In the aftermath of the 2008 financial crisis, it has been nearly impossible to get financing for a business. Having a plan to buy a franchise wasn’t as easy as Rick Kimsey thought it would be when he decided to buy a Doctors Express urgent care facility. The business had a concept and a service to sell, but the fact that he wasn’t a doctor brought shocking blows to him.
Six banks turned Kimsey down for a loan after his bank froze his home equity line of credit.
“The rug was pulled out from under me,” Kimsey says. It was more than a year before he was able to close the deal on the franchise.
Like Kimsey, the tough economy has made people want to operate a franchise, especially those who are looking for a new way to make money or don’t want to get mixed up in the corporate world. But first-time franchise buyers are finding out that it’s much harder than expected to get their businesses off the ground.
The financing just isn’t available for those wanting to open a franchise, especially a smaller or less known business. Lenders are rejecting their applications for loans because they are inexperienced or because the franchises are especially young and aren’t McDonald’s or Jiffy Lube.
In Kimsey’s case, he saved $55,000 for a franchise fee from his own money. After getting the approval to open the franchise in Sarasota, Florida, he still needed $1.2 million to cover construction costs, equipment, and more. Six banks rejected his loan application, and all gave similar reasons for saying no. “It’s a fairly new franchise. This isn’t McDonald’s, so we don’t have 70 years of history,” Kimsey says.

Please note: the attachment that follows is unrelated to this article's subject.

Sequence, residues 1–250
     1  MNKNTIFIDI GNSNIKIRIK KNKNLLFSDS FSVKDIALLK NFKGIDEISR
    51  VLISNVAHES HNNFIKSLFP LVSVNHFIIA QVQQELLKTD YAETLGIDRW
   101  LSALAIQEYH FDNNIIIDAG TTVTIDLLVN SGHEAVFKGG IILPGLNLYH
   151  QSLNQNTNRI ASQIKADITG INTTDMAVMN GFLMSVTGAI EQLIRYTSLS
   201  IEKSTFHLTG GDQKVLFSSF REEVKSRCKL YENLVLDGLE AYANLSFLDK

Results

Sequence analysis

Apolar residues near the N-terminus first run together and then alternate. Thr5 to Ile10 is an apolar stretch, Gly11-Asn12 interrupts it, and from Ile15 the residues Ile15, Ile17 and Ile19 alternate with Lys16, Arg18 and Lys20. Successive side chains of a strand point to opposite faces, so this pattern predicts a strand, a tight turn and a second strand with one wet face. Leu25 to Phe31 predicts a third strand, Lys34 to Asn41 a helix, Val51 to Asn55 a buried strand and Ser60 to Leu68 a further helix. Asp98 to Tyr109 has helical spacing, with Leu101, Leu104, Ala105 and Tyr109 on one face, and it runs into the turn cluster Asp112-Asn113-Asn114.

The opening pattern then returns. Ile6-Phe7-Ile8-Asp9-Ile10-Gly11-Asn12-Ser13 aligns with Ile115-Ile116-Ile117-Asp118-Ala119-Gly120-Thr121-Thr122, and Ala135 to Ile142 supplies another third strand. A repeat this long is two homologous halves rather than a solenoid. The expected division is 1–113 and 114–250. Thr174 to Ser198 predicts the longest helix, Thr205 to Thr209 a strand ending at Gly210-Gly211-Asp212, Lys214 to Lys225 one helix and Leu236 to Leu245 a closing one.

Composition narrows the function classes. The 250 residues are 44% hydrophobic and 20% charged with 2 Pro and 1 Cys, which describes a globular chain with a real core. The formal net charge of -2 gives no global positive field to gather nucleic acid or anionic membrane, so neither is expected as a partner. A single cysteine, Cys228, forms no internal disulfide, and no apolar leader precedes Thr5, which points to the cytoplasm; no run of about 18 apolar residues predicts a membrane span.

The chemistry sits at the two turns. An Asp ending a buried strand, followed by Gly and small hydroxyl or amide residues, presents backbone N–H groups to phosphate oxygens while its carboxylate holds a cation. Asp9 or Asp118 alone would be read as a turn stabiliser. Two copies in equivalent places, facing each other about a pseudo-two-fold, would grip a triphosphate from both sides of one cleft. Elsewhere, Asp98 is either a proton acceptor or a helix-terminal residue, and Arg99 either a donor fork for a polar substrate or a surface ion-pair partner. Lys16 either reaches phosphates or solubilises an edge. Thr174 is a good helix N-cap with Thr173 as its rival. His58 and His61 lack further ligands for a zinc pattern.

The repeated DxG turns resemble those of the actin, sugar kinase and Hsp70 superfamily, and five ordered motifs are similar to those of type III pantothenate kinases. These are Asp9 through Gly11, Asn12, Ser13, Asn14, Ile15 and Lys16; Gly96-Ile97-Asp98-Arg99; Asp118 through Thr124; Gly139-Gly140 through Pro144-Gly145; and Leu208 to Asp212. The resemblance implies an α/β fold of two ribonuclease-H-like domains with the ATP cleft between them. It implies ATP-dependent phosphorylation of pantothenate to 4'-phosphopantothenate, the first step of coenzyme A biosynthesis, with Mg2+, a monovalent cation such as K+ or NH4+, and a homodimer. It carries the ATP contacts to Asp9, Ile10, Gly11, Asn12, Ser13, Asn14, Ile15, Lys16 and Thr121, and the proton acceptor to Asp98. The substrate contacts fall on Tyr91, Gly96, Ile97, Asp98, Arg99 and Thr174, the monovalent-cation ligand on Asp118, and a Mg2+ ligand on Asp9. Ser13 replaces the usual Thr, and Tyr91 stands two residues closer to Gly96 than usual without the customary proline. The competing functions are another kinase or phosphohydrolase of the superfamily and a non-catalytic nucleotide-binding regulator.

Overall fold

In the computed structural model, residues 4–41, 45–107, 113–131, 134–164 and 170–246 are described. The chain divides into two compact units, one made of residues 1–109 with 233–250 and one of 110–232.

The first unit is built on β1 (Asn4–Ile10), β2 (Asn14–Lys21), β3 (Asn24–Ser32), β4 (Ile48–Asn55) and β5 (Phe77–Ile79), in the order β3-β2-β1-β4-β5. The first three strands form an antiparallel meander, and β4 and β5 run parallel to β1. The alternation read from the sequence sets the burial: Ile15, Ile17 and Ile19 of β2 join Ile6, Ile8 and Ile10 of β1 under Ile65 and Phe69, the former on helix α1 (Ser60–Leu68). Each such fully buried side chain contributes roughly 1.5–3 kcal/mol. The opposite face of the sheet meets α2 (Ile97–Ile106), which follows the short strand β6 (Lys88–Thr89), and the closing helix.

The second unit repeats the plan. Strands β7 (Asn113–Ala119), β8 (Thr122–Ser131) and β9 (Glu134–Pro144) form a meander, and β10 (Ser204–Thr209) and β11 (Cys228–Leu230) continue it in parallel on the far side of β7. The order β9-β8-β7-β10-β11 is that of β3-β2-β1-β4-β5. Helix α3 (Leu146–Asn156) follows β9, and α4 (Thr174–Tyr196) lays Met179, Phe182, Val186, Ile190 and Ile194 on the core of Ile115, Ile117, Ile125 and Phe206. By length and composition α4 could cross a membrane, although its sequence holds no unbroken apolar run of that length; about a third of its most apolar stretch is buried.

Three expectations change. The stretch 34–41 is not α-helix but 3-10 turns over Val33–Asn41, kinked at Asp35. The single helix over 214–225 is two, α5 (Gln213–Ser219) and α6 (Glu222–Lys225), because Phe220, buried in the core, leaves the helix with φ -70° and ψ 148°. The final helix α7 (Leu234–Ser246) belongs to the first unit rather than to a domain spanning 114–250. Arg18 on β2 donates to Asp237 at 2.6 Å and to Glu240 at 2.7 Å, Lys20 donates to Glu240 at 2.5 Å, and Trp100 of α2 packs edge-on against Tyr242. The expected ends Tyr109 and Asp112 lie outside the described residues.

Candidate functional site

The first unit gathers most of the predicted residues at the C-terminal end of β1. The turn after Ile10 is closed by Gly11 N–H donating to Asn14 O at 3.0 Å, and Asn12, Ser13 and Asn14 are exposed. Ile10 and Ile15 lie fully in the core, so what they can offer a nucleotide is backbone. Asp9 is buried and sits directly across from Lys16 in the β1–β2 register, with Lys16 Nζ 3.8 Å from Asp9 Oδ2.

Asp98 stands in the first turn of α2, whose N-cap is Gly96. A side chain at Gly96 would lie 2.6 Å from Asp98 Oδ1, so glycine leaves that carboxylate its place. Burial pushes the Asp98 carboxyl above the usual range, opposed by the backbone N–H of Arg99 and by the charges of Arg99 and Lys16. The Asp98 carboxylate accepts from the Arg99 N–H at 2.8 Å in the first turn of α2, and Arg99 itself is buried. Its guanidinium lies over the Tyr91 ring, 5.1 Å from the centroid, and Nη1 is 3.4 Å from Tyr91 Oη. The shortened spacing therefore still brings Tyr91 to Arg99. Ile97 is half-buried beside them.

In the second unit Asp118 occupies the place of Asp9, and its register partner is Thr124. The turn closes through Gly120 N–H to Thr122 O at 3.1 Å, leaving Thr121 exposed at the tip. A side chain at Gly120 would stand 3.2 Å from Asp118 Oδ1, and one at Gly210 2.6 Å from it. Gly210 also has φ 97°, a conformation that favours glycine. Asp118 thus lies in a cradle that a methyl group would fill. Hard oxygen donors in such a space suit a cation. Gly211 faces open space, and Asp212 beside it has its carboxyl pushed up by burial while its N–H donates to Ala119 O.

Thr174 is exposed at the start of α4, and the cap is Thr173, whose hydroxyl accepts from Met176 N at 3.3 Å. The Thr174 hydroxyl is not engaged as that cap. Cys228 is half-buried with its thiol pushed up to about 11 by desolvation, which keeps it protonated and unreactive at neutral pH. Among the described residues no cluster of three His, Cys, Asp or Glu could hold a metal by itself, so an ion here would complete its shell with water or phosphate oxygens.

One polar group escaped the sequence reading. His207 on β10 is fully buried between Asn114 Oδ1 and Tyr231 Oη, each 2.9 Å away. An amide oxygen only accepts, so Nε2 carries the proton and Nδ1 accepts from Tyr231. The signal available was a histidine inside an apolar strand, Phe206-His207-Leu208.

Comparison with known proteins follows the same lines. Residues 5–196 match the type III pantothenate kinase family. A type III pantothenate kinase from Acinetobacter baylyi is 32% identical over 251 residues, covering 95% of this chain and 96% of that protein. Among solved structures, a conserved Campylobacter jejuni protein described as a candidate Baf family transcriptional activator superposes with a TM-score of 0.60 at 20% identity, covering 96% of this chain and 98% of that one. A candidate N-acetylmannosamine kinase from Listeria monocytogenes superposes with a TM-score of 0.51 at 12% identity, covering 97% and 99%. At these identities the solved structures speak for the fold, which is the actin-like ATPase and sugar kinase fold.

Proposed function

Eventually, Kimsey did get a $575,000 Small Business Administration-guaranteed loan from a Utah bank. He had to use his savings and about $500,000 from his 401K for the rest of the funds. “I’ve got to build this up. It will be my retirement,” Kimsey says of his franchise. “Then I’ll hand it over to my children.”
The number of franchises dropped 5% between 2008 and 2011, making many people weary about starting a small business or franchise. A good credit score no longer guarantees a loan because lenders are asking more questions about the brand.
“Where it’s really having its hardest effect is the aspiring entrepreneur who doesn’t have that track record or that relationship with the banks,” says Stephen Caldeira, president of the International Franchise Association.